Thursday, October 3, 2013
Review of Pale Horses by Nate Southard (Snubnose Press, 2013)
Pale Horses is a country noir of the blackest kind, offset with strong bittersweet undertones. The story charts the intersections of three principal characters over the course of a murder investigation: an aging sheriff with Alzheimer’s, an unbalanced deputy with a drug habit and a Christina Ricci obsession, and a former marine haunted by his time in Iraq and Afghanistan. All three characters are very well drawn and developed as the story progresses. In particular, Hal Kendrick is a wonderfully observed character, with Southard sympathetically charting his slow decline and increasing confusion. There is a good sense of place and contextualisation concerning small town, rural America, and the plot is compelling, building to a violent but nicely done denouement. In my view, it is ready made for a movie adaptation in the vein of Daniel Woodrell’s Winter’s Bone (it needs an indie treatment, not a Hollywood one). Unsettling, uncompromising, dark and bittersweet, Pale Horses is a gripping read.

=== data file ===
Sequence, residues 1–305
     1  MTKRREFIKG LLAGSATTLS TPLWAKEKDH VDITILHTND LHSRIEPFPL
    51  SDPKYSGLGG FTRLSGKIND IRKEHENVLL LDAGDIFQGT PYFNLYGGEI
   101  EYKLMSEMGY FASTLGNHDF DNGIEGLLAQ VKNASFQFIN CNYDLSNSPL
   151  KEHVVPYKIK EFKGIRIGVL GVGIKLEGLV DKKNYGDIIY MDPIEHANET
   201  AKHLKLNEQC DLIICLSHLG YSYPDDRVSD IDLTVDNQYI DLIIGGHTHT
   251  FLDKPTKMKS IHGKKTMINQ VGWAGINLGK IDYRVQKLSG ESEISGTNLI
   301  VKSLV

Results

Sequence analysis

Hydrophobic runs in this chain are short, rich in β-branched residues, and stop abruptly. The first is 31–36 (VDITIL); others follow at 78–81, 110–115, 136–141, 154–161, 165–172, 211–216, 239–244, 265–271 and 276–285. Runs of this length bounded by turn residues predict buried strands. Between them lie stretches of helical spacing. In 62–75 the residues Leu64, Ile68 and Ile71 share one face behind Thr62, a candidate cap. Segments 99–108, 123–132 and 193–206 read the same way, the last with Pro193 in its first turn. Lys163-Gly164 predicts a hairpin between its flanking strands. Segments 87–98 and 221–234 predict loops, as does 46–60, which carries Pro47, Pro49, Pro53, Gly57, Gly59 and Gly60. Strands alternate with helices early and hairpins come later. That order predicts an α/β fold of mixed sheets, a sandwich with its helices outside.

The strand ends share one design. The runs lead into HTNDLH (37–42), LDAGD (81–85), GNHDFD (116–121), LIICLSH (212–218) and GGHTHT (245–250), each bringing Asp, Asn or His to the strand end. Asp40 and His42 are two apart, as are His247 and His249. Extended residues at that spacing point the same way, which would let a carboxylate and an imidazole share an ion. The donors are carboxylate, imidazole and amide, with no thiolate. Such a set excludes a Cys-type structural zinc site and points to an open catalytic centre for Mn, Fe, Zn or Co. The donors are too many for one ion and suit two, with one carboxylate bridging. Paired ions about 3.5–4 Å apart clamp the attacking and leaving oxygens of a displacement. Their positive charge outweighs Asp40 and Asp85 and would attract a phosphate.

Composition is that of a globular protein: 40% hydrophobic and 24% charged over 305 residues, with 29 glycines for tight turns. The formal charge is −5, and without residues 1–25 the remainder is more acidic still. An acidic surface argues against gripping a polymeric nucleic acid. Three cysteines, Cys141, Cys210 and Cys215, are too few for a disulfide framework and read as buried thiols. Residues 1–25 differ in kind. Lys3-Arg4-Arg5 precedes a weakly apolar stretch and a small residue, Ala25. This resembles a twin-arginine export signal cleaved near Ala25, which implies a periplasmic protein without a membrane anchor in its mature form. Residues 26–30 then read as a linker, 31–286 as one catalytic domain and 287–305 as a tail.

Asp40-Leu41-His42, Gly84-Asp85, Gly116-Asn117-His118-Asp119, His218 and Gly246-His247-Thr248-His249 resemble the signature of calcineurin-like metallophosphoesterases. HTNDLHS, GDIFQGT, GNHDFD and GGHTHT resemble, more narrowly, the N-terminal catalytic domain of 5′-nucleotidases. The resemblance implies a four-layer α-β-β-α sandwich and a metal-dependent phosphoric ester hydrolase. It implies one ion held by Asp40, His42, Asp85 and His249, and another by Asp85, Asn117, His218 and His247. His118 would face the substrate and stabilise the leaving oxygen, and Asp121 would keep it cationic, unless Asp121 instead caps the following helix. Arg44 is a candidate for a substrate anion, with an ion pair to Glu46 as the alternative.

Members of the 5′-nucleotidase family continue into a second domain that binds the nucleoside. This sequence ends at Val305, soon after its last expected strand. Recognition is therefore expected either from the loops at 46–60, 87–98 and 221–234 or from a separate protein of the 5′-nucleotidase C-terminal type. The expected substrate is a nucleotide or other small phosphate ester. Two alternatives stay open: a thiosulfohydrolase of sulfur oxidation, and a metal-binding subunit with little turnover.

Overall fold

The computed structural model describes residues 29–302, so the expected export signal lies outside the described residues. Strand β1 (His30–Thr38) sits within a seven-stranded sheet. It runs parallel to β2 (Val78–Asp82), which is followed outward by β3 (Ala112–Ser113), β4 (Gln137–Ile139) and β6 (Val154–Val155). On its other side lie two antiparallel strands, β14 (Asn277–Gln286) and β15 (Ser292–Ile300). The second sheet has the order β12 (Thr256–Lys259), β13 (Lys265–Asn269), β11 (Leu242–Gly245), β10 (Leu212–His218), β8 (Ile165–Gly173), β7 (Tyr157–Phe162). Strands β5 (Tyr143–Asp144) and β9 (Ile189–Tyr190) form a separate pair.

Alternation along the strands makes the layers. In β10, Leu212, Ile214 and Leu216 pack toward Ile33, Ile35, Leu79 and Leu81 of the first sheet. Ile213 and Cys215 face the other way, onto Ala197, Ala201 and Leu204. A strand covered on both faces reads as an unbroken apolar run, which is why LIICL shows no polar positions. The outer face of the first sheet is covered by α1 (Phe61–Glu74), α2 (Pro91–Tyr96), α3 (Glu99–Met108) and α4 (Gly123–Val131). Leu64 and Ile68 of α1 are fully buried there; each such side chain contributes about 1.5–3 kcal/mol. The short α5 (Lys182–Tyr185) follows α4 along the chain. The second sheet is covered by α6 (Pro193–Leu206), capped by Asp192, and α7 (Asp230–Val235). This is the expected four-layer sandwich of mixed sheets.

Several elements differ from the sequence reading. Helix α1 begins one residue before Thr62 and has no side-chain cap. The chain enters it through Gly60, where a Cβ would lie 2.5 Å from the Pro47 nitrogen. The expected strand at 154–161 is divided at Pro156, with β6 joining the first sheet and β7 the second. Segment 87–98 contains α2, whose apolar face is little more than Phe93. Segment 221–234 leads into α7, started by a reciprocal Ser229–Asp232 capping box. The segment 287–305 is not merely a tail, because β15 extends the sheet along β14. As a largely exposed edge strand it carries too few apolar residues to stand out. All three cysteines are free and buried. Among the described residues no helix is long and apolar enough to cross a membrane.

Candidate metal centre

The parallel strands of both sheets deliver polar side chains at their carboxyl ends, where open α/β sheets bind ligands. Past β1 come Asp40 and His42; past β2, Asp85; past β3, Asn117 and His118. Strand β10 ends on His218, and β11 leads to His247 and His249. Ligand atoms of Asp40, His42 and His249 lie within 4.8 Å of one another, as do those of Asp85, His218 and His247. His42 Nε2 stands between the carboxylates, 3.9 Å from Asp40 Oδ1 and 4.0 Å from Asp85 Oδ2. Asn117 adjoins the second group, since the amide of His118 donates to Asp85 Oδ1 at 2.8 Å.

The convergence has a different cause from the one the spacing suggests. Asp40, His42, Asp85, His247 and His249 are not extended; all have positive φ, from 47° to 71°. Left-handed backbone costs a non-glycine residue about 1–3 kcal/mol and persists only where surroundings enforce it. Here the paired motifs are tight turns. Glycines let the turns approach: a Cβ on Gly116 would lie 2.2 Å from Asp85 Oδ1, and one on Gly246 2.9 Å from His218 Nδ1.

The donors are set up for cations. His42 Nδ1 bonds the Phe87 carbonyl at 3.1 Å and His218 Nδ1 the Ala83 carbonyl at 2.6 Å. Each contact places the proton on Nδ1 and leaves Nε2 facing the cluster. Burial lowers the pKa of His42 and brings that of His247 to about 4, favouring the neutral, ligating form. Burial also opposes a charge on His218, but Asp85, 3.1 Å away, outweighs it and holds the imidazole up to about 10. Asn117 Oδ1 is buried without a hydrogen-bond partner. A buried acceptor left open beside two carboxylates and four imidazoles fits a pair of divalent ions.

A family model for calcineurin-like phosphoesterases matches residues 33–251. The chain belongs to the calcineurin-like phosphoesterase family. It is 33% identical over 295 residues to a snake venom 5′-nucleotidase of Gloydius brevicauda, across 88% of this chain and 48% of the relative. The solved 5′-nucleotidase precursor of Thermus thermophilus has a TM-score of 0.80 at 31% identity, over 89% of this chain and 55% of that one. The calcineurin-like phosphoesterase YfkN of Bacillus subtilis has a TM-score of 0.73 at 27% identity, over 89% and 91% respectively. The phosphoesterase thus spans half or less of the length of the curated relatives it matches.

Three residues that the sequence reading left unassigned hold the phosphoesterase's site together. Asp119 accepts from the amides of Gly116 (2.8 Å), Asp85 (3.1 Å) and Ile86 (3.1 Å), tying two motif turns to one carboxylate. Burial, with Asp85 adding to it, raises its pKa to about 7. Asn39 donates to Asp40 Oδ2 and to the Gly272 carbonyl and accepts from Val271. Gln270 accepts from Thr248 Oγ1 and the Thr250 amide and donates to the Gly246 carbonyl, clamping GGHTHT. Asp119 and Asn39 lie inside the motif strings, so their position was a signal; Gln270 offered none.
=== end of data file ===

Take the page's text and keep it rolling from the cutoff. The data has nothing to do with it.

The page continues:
I've been lucky enough to read an ARC of Pale Horses and it should be published shortly.